I wish I could magically transport folks reading this particular thread to the places I work in Japan to watch some folks I know there working. The core level of just "throwing skills" (not dealing with astehtices yet.... just forming....to start with copying a specific form) that is expected out of an apprentice put most in the Western world to shame.
Training there is typically very different from that what we do here in America. Most Americans would simply not DO it. They would quit in frustration (many do). Generalizing is always wrong, but here in America we tend to be in a rush to be "creative".... and that frequently gets in the way of developing good core material handling skills. In Japan usually the core handling skills are honed to a mastery level before the "creative" side is ever let loose.
Typically a new apprencice starts with either a small plate form (small pickle type plate) or a small cup form (a yunomi). These are thrown off the hump. LITERALLY thousands of these are thrown before the person is allowed to move on to another form. Even in their "free time usually). The standards of matching to the original are painfully precise... right down to weighing the trimmed finished forms. The learning days are long and hard ............and in the winter....cold, and in the summer ..... hot.
Usually there is not much tollerance for "almost" pieces. It is the Yoda approach...... "Do or do not, there is no try". I've regularly seen the master potter at a number of places pick out one cup from about 50-60 sitting there as an apprentice is working and say something like ... this one is OK...... recialm the rest and make more.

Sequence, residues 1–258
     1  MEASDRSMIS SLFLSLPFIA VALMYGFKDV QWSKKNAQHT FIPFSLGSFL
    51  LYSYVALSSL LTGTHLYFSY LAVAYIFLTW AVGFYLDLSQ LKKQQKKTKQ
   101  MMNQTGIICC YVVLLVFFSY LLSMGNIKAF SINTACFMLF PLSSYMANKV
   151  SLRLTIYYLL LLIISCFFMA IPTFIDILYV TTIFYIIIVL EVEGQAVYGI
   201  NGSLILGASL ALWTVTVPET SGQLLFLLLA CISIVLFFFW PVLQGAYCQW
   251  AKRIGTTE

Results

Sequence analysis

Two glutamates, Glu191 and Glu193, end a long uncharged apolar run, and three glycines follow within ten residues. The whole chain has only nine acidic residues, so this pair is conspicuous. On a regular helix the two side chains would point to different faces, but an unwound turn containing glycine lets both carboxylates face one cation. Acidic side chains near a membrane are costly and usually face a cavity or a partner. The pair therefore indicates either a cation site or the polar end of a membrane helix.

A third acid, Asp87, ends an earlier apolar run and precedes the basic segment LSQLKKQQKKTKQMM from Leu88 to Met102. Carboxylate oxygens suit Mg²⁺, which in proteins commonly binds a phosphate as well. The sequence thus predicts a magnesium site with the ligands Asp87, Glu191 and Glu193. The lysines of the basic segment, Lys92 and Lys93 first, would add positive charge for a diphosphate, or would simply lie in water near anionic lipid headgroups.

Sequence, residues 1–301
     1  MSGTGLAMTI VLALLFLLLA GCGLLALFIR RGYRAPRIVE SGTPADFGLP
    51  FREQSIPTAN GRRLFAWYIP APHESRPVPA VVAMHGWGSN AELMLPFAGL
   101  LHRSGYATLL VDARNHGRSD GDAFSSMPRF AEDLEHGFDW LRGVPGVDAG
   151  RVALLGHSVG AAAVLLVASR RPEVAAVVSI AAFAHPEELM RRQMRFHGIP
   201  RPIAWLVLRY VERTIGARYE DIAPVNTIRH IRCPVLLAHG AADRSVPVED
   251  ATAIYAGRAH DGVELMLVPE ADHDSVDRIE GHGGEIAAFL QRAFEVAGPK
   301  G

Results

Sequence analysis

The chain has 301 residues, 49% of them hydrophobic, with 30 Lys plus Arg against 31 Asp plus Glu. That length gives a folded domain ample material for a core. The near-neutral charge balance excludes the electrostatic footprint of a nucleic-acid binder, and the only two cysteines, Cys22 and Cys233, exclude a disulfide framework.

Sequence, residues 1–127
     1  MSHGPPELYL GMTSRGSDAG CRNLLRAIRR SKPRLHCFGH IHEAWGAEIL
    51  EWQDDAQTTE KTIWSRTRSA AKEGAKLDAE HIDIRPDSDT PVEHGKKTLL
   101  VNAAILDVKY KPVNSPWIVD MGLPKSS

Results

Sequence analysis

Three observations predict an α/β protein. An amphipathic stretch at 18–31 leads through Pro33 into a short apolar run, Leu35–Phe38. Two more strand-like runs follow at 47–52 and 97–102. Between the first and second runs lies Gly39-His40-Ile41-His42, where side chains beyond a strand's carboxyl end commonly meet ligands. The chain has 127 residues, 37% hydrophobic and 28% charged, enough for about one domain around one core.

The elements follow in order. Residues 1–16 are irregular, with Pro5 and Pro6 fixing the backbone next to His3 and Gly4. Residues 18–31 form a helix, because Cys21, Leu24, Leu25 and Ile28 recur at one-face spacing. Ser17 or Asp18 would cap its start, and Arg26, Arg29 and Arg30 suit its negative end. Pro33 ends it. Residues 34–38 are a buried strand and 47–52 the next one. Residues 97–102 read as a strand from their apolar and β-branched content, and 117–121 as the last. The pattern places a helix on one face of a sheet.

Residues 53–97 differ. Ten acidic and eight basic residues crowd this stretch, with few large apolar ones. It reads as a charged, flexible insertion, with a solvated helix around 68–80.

That one piece is usually picked out and set next to the model form that will be in front of the apprentice... and the apprentice is usually then left to figure out themselves WHY that piece was picked above all the others that were there. That sometimes difficult and long term introspection goes a long way in the development of the skills and particularly the EYE of the apprentice.
Once the apprentice can throw this first single piece they are studying to the high standards... they move on to the next simple form. The complexity of the forms and the scale sloowly is increased over time.
Many of the 2nd and 3rd year apprentices at the pottery I work at a lot in Japan typically are throwing 300 - 400 yunomi cups in a day. The next day or the day after they trim them all in a day. These are matching in form just about like mold produced, including the precise dimensions of the foot, and the total weight and balance.
It is completely HUMBLING....and I've been doing this professionally for 44+ years.
Professor of Ceramics; New Hampshire Insitute of Art
Guest Professor, Wuxi Institute of Arts and Science, Yixing, China
Former President and Past President; Potters Council